Police Brutality

A recent news report revealed several Rankin County, Mississippi Sheriff’s deputies tased and tortured two innocent men. I’ll share my thoughts on this matter and how a similar case might be resolved in Pennsylvania.

What Happened?

On January 24, 2023, the sheriff’s department in Rankin, Mississippi, got information that suggested two Black men were living in a home with a white woman in the county. Various officers went to the house intending to assault and batter the two men at the house. The sheriffs turned off their body-cams and evaded the security cameras at the property. The sheriffs entered the house and assaulted the two men by tasing, beating, and humiliating them. The sheriffs then falsely charged the men with crimes. Later, the malfeasance of the Sheriffs was uncovered. The sheriffs have since been indicted in federal court and arrested and charged in state court.

Legal Analysis

The question is whether the two men can recover money damages in a civil rights lawsuit under 42 USC 1983. The issue is that – because the sheriffs have been criminally charged, the municipality may not indemnify. This means the government may not pay for any verdict against them. In Pennsylvania, there is no statutory duty to indemnify, but in New York, there is a statutory duty to indemnify. I am unsure of the answer in Mississippi, but for this article, let’s guess there is no statutory duty to indemnify. How does the plaintiff recover?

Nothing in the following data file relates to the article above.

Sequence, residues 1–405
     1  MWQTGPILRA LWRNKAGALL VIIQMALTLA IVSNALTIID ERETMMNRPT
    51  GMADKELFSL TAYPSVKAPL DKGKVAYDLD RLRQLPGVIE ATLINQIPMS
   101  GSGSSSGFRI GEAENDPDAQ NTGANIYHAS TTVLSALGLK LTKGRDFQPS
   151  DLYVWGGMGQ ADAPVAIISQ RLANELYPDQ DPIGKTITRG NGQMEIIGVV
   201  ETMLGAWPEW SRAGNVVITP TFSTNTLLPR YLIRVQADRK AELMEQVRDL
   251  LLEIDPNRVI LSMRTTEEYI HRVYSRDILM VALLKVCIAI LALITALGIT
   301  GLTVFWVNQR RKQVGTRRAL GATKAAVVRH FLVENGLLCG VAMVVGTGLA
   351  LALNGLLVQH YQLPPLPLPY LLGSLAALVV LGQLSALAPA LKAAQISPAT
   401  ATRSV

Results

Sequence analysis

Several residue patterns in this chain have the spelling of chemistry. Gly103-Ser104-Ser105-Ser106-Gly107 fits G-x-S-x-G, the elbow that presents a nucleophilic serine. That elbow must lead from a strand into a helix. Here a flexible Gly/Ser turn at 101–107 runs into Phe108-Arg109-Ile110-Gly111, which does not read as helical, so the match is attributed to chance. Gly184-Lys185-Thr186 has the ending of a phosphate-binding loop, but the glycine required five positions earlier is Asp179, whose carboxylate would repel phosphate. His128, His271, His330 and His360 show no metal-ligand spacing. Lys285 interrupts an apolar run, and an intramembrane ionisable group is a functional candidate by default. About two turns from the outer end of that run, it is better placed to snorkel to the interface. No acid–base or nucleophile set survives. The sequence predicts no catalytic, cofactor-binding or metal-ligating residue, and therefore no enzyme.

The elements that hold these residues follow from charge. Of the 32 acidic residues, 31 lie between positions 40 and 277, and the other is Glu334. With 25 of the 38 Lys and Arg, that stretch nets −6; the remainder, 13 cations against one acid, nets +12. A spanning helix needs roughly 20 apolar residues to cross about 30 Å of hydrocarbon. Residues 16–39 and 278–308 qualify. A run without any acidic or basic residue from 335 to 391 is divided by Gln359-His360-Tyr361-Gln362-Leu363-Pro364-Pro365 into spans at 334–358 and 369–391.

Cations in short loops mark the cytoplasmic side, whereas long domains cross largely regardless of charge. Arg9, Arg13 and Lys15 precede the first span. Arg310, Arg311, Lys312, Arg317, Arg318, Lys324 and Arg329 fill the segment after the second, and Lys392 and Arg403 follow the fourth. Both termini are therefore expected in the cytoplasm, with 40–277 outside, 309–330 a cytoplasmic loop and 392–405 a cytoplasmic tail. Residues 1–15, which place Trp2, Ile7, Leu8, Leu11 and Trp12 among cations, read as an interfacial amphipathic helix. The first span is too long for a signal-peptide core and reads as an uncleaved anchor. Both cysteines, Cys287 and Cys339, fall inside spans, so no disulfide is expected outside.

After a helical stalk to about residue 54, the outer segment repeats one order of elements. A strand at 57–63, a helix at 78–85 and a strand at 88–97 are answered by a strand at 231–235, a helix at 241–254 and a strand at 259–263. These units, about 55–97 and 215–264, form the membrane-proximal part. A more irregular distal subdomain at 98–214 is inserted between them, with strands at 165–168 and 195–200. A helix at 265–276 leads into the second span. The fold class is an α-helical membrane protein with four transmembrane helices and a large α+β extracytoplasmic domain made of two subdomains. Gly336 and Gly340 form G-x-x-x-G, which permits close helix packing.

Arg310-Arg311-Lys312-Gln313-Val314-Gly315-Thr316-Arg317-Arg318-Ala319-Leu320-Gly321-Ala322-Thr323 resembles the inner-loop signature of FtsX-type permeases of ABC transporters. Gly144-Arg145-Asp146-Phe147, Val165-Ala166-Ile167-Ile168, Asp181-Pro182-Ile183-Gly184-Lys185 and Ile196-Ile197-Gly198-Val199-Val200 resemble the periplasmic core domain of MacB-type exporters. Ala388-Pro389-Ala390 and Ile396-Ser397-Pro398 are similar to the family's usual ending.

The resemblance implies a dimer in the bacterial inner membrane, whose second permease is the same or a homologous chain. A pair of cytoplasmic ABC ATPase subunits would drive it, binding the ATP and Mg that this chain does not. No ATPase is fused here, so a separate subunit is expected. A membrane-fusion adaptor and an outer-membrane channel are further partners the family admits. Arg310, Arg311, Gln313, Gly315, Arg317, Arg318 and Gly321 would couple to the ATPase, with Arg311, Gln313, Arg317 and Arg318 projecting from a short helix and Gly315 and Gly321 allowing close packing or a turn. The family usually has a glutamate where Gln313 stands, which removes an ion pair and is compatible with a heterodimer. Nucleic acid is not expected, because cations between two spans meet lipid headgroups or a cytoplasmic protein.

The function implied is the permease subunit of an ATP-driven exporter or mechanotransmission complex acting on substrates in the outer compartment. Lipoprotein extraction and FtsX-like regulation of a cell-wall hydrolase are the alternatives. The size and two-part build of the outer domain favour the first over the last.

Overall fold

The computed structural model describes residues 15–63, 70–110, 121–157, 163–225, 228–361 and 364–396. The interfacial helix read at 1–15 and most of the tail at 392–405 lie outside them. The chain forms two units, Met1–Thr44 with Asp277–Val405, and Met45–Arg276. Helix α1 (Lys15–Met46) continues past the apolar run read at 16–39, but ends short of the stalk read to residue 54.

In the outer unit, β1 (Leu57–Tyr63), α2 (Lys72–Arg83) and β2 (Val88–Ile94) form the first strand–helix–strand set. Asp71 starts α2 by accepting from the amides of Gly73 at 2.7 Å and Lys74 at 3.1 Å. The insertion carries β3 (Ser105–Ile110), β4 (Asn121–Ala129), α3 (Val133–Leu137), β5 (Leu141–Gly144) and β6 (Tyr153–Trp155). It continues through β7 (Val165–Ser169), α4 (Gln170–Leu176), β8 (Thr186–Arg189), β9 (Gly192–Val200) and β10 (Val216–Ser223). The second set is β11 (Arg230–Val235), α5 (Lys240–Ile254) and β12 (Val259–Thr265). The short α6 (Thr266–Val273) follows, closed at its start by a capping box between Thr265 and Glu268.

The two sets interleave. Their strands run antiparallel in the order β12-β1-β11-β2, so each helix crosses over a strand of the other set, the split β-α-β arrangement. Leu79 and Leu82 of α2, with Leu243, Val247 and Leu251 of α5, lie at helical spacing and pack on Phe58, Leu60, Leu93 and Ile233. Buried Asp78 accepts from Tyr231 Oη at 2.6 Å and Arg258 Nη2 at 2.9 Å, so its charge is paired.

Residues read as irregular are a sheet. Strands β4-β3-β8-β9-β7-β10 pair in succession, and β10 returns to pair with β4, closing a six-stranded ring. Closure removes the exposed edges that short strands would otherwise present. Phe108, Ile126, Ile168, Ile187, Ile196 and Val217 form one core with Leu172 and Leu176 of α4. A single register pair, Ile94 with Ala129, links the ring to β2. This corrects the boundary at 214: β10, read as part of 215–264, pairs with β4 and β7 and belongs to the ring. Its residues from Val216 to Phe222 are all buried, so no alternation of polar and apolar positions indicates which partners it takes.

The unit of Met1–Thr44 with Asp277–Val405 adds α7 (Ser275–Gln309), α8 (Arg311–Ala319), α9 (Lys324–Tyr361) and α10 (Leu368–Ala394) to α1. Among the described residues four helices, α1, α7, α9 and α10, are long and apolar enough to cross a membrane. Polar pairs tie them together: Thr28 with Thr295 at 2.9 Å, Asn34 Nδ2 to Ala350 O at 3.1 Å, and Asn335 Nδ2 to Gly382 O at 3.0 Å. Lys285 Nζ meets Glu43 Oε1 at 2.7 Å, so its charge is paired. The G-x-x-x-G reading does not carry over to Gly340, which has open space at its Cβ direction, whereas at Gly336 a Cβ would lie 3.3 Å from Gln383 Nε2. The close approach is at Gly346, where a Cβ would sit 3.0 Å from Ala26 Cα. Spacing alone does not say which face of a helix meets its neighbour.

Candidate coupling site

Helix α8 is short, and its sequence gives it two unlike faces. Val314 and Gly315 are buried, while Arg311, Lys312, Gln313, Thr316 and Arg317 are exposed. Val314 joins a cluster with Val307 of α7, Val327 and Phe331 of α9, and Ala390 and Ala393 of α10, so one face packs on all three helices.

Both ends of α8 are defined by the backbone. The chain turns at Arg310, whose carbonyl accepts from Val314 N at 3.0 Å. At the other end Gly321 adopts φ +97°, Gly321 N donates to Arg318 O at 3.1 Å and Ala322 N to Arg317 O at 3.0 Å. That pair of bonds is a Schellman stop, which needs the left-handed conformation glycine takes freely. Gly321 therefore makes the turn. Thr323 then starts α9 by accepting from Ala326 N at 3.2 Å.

The plaintiffs can bring a Monell claim under Monell v. Department of Soc. Svcs., 436 U.S. 658 (1978). Plaintiffs must show that the municipality failed to train or supervise the officers. In this case, supervision is the issue. If any of the sheriff’s deputies have prior excessive force cases against them, they will all be admissible for purposes of proving Monell liability.

Additionally, the Plaintiff can certainly argue a de facto custom or policy, meaning the officers had a historical method of violating citizens’ constitutional rights. This could include evidence of the officers doing the following:

  • Turning off their body cameras
  • Evading surveillance equipment
  • Making sure no damage was done to the plaintiffs’ faces so their mug shots from the false arrest would be clean

According to caselaw, “When a suit against a municipality is based on § 1983, the municipality can only be liable when the alleged constitutional transgression implements or executes a policy, regulation or decision officially adopted by the governing body or informally adopted by custom.” Beck v. City of Pittsburg, 89 F.3d 966, 971 (3d Cir. 1996). In the case of Rankin County, Mississippi, obviously, there exists a custom or policy regarding the officers all acting in concert, racial motivation, torture, tasing, keeping the faces of the plaintiffs clean, false charges, humiliation, etc.

Based on this, if the case were tried in Pennsylvania, the plaintiffs would likely be able to prove their claim. However, because of the indemnity issue, getting paid might be another matter altogether.

Brian J. Zeiger, Esquire, is an experienced and successful criminal defense and civil rights attorney. He is a seasoned trial lawyer with significant experience before juries and judges. Brian understands civil rights cases, including Taser, Wrongful Death, Excessive Force, Police Brutality, Police Misconduct, Malicious Prosecution, Monell Claims, Sexual Assault, Prisoner’s Rights, Time Credit, Medical Malpractice, and Medical Indifference.